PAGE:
The original GRF (1-29) has a half-life of about 30 minutes. Half-life means the time within which half of the hormone administered will be destroyed within the body. This short half-life is due to the fact that the compound is highly unstable and breaks down soon. To increase its stability and to make it last longer, it was modified by adding 4 amino acids in its structure. This gave it the name Modified GRF (1-29) or Mod GRF 1-29. It was originally invented by DatBtrue. The portion of the molecule that actually stimulates the growth hormone secretion is found in the chain of 29 amino acids, so it is named GRF (1-29). This chemical also produces slow-wave sleep.
Statistical analyses were carried out using GraphPad Prism 6 for Windows, version 6.01. For clinical response, histomorphometric parameters, and gene expression data, normal distribution (Kolmogorov-Smirnov) and variance homogeneity (Brown-Forsythe) tests were performed. Once normality was demonstrated, differences between GHRP-6-treated and placebo-treated animals were determined using two-tailed unpaired Student’s -test. For non-Gaussian distributed data, Mann-Whitney U test was performed. For analyzing closure kinetics of rat wounds, two-way ANOVA was performed, followed by Sidak’s multiple comparisons test. In all cases, values of were considered statistically significant. The values shown represent mean ± SD (error bars).
Because some GHRP’s are equally effective as others in increasing GH but differ in effect on hunger or ACTH stimulation, it seems likely that there may be differences in ghrelin receptors between different tissues, or differences in function (for example with cofactors.) This is the most likely explanation for GHRP-6 being effective in stimulating hunger and helping heal tendinitis, while GHRP-2 stimulates hunger less and may have less value for healing.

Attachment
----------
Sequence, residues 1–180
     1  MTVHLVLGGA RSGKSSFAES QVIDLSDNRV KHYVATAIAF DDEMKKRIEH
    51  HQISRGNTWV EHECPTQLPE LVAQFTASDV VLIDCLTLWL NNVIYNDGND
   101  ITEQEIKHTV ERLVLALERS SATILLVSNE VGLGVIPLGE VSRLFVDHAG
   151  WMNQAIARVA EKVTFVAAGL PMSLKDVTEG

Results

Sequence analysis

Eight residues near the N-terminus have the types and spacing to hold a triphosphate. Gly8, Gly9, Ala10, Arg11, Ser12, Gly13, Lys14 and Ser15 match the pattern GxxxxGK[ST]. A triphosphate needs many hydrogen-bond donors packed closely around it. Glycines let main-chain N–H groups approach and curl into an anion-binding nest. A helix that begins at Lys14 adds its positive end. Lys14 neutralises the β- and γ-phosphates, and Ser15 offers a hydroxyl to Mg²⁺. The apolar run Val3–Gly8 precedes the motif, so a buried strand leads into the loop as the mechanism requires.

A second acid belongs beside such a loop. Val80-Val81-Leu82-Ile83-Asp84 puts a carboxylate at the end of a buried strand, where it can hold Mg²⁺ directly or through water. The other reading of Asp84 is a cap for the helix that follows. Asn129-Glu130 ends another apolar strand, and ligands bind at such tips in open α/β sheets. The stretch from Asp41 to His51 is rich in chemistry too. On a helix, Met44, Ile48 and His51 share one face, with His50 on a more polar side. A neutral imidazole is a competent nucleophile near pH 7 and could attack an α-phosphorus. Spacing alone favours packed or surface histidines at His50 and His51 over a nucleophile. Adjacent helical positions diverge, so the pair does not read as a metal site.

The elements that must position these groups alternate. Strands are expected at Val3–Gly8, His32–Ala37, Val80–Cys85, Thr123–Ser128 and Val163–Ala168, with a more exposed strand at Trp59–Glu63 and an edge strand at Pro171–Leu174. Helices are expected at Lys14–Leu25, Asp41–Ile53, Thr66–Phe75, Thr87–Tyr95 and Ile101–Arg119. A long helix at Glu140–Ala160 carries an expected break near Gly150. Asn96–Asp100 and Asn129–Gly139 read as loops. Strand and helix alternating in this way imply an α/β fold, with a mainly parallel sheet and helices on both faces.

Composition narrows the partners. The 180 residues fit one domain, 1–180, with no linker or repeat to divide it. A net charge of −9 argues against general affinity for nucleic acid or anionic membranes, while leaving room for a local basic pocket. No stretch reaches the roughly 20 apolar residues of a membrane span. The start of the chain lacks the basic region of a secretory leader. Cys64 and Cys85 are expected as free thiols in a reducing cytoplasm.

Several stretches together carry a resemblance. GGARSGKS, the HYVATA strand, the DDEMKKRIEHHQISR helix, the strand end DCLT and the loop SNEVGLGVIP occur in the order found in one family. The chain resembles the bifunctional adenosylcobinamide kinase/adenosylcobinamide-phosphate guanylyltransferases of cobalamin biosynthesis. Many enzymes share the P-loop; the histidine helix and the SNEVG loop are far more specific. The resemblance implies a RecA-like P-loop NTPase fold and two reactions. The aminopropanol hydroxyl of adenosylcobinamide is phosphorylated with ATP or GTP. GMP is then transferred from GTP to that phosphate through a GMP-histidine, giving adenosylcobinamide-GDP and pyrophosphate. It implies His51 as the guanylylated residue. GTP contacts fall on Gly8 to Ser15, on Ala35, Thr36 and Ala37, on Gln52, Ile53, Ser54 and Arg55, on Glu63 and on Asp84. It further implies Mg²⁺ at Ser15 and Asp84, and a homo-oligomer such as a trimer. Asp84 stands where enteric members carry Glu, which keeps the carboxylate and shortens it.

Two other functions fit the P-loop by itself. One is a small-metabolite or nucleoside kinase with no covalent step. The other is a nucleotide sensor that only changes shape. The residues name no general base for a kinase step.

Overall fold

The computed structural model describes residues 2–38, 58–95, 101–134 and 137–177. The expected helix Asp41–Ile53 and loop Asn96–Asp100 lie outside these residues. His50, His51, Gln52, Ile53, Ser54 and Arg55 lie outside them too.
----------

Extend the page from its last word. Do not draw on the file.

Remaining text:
Growth hormone-releasing peptide 6 (GHRP-6) (developmental code name SKF-110679), also known as growth hormone-releasing hexapeptide, is one of several synthetic met-enkephalin analogues that include unnatural D-amino acids, were developed for their growth hormone-releasing activity and are called growth hormone secretagogues. They lack opioid activity but are potent stimulators of growth hormone (GH) release. These secretagogues are distinct from growth hormone releasing hormone (GHRH) in that they share no sequence relation and derive their function through activation of a completely different receptor. This receptor was originally called the growth hormone secretagogue receptor (GHSR), but due to subsequent discoveries, the hormone ghrelin is now considered the receptor's natural endogenous ligand, and it has been renamed as the ghrelin receptor. Therefore, these GHSR agonists act as synthetic ghrelin mimetics.